Do you need help with choosing hand embroidery stitches for your project?
You may have stuck to counted cross stitch in the past to avoid having to make such decisions? But now the lure of freestyle embroidery is calling to you and you are not sure where to start?
One option is to pick a kit that includes full instructions for what to use where. Smart move, but most kits tend to stick to the same selection of stitches. With so many available to choose from, why limit yourself?
But faced with a beautiful iron on transfer pattern, paralysis can set in. What should I use for that line? How on earth can I fill that flower or leaf or animal or flowerpot, etc?
Although your designs may differ, there are often common elements between them. Instead of always using stem stitch for stalks, for example, lets look at alternative options together.
A hand embroidery design is usually presented in outline format. You can stitch along the lines, or fill the areas between them. The choice is yours. We will start by looking at line stitches on this page.
In floral or botanical designs you are likely to encounter stems and tendrils. These can be straight or curved. They may even have shorter lines coming out of them to represent thorns or side shoots.
You might want them to appear thin and delicate or to be wider with more substance. Of course the thread you use affects this, but so too can your choice of stitch.
You may also just wish to outline a shape rather than filling it in. Let's look at some of the stitches you could use for these purposes.
The examples in the photograph (below) were all worked in 2 strands of floss. From left to right I used the following stitches…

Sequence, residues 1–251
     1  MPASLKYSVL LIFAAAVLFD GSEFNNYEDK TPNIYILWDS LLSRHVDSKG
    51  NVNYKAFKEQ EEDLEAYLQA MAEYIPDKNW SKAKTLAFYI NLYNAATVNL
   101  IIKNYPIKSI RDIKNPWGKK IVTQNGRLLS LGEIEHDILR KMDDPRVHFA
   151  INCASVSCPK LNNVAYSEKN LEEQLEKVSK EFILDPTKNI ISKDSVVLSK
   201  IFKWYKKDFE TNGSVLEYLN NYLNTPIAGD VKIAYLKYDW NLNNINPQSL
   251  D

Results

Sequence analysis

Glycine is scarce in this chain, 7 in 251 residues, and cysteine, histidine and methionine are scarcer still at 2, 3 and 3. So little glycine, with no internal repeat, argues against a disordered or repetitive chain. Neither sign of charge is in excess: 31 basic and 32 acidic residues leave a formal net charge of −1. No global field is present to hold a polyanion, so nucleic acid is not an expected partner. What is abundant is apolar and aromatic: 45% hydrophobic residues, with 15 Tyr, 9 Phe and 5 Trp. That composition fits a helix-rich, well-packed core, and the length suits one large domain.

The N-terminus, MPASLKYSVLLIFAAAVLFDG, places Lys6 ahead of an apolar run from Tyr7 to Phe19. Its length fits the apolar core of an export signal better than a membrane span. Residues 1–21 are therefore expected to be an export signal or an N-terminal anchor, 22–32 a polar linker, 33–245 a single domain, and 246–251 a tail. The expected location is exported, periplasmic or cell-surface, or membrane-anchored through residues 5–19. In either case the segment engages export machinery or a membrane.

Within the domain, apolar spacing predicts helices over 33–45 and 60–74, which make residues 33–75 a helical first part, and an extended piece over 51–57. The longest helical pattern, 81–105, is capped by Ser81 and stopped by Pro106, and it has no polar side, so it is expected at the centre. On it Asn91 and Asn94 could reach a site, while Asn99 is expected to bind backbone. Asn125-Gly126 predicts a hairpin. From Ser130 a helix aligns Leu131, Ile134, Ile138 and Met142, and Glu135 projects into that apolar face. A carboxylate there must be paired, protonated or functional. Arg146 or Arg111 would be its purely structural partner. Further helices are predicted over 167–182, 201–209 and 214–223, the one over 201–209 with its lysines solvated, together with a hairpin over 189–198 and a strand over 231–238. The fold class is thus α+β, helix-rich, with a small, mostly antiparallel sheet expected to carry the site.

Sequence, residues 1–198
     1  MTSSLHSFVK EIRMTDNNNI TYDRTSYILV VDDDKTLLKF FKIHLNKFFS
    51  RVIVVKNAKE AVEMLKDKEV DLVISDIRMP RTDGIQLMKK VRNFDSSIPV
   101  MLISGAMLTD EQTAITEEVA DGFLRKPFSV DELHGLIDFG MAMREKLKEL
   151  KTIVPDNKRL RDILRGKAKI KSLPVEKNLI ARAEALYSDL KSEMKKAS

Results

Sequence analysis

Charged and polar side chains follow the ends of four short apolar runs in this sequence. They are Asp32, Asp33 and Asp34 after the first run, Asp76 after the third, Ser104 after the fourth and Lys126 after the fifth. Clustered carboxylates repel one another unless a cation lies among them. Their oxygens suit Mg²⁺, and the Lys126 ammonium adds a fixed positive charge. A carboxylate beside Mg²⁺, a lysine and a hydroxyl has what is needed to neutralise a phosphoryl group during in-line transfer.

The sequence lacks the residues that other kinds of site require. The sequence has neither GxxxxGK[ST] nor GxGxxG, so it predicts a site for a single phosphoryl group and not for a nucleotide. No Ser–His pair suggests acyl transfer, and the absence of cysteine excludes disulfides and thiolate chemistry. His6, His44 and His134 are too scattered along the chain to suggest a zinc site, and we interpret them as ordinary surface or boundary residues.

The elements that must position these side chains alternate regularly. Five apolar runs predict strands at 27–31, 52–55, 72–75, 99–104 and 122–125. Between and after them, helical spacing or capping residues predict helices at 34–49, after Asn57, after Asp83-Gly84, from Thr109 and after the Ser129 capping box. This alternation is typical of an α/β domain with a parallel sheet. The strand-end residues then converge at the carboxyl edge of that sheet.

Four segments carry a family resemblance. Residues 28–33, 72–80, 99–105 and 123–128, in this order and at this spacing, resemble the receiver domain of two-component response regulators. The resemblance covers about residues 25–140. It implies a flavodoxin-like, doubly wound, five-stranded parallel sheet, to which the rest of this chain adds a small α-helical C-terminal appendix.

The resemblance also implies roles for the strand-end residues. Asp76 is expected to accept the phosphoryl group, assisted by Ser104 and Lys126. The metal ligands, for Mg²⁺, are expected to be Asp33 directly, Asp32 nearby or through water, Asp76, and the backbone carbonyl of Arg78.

Offshoots from the main stem use the same stitch, worked from the main stalk afterwards.
These stitches work well for lettering, also.
If your stalks have growths along their length you might like to pick from the following choices. Here, you start at one end and work the thorns or hairs at the same time as the main stem.
Sometimes you may like to add some texture to your lines. Knotted stitches are ideal here. You can also use speciality threads by couching them to the surface.
From left to right...
Time to let your hair down and go wild! Line stitches work well for borders. I also like using the examples in the photograph for crazy quilt seam decoration.
The Blanket and Cretan stitch samples show two rows of the same stitch in different colored pearl cottons. Working multiple rows in this manner offers many options for borders. Why not try combining different stitches for even more variety!
You may be wondering about the line on the right of the photo? To create this magic chain stitch you thread two colors in the needle. You then alternate which one you lay under the needle for each stitch. I will be adding full instructions for this pretty stitch to the site soon.
I hope this page has given you some ideas for choosing hand embroidery stitches for the lines in your design. Next time fill stitches will be the stars of the show!
May 21, 18 04:21 AM
Coral knot stitch for lines and filled areas of an embroidery
May 21, 18 04:07 AM
My granddaughter and husband are having trouble with hoops marks on their work. It seems to be coming from the metal part of the spring hoop. I remind
Apr 06, 18 02:45 AM
Are embroidery hoops essential? How do you use them and which are the best - metal or wooden embroidery hoops? Read on to find out...